If an individual has symptoms of burning during urination or urinary frequency, the doctor may request a urine sample.

The exam does not cause pain, though it may cause some discomfort. It usually takes around 10 minutes.

Pelvic exam procedure

Before the exam, the doctor or nurse practitioner will ask the person to take off their clothes, put on a gown, sit on the exam table, and cover up with a sheet. Then they will ask about health concerns.

The person will then lie on their back and place their feet in footrests. The doctor or nurse will ask them to relax. They will press on the lower part of the person's stomach and feel for the organs. The doctor will then ask the person to move toward the end of the table and bend their knees.

First, the doctor will examine the vulva for signs of infection, swelling, and sores. Next, they will insert a lubricated speculum into the vagina to widen it, and make the internal organs easier to see.

Then, they may perform a Pap smear. This involves taking a sample of cells from the cervix to check for abnormalities, especially cervical cancer. They may also take a sample of vaginal discharge, to check for infections.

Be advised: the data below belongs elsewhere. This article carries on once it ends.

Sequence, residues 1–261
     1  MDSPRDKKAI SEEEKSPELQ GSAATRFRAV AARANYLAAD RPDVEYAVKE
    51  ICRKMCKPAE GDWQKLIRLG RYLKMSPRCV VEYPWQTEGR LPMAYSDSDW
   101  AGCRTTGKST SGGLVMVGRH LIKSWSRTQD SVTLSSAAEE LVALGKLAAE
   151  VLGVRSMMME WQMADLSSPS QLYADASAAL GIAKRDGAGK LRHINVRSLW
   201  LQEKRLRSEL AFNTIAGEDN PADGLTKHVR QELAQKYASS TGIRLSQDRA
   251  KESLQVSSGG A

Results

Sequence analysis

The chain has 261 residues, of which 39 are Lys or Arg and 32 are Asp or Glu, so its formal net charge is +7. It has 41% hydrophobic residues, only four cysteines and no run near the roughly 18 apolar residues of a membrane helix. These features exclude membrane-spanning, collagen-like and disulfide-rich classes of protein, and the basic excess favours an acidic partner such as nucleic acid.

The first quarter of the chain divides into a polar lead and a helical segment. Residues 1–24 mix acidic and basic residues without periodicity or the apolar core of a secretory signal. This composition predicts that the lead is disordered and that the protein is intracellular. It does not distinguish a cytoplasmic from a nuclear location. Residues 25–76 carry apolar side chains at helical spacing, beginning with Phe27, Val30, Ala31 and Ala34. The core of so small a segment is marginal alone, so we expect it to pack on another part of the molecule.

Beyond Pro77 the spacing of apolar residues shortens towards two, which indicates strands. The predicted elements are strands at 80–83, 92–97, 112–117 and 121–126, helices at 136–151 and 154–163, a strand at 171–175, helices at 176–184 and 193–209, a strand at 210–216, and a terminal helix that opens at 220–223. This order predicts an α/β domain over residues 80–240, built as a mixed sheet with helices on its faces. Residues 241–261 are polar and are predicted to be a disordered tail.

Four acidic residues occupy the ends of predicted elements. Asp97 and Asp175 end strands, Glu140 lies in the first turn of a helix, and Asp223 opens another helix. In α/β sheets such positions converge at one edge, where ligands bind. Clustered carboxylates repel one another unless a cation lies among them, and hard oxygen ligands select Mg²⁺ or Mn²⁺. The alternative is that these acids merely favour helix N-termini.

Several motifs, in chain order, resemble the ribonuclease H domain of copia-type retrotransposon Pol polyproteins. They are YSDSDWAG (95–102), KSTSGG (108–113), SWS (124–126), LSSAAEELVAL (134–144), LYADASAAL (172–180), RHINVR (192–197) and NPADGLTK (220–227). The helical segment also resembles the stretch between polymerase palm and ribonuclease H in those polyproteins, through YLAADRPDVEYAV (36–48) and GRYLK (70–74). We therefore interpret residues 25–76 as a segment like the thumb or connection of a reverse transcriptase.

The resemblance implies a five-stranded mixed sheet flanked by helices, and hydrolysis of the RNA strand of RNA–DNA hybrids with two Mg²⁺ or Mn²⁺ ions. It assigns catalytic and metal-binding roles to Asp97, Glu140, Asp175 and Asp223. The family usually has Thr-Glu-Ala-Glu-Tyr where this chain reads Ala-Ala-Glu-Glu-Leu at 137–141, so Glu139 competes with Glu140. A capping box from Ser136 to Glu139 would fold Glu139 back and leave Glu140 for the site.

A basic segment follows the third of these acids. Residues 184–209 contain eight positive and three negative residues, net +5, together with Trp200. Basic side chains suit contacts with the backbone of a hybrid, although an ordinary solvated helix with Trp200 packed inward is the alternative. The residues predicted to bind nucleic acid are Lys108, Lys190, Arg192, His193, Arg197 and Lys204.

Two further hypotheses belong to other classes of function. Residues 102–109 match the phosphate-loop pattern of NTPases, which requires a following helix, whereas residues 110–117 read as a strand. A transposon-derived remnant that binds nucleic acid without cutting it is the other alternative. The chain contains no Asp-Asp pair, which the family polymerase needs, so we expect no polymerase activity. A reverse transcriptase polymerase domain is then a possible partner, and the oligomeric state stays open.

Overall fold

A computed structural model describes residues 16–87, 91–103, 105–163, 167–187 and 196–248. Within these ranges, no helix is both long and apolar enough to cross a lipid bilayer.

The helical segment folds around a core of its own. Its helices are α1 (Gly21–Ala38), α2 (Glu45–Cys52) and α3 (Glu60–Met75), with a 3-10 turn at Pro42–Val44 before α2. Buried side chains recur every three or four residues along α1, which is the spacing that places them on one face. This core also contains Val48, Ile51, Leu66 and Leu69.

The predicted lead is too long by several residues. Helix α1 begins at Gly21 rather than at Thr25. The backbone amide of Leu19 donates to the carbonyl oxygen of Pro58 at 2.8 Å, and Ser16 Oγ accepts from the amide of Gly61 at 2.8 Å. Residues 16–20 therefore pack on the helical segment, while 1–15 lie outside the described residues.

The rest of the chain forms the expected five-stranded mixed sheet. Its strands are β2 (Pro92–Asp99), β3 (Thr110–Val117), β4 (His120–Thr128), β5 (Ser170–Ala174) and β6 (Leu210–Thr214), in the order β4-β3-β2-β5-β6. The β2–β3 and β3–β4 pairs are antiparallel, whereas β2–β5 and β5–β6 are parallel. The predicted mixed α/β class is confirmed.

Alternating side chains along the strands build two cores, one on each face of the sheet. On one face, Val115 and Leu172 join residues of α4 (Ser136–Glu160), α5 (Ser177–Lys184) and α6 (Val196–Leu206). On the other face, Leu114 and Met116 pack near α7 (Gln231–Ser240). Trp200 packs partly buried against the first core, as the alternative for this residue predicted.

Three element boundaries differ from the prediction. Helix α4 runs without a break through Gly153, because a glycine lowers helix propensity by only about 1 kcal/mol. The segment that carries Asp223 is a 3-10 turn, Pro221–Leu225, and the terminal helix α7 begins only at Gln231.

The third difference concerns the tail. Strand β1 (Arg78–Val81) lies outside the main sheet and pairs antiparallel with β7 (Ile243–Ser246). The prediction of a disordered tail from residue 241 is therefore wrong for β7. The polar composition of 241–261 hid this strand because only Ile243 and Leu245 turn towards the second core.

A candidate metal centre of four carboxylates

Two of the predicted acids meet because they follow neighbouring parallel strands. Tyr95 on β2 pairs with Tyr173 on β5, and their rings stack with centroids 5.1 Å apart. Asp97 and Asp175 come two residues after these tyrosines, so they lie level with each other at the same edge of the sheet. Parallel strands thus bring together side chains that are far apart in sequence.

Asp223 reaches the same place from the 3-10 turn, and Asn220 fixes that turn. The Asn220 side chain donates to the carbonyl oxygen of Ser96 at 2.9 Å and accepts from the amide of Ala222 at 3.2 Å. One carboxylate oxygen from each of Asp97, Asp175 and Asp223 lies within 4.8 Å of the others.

Next, they will remove the speculum and perform a bimanual examination. This involves placing two fingers inside the vagina and pressing down on the pelvis with the other hand. The aim is to check for changes or abnormalities in the reproductive organs.

The doctor may then conduct a rectal exam, by inserting a gloved finger in the rectum to check for tumors and other abnormalities behind the vaginal wall, uterus, and rectum.

If a person feels any pain during the exam, they should let the doctor know right away.

The doctor or nurse practitioner will ask the person if they have any questions or concerns. It is important to be honest about topics relating to sexual health.

Medical professionals are required to keep private information confidential.

After a Pap smear, the doctor will inform the person of their results. If necessary, they will request further testing, either after the exam or after receiving results.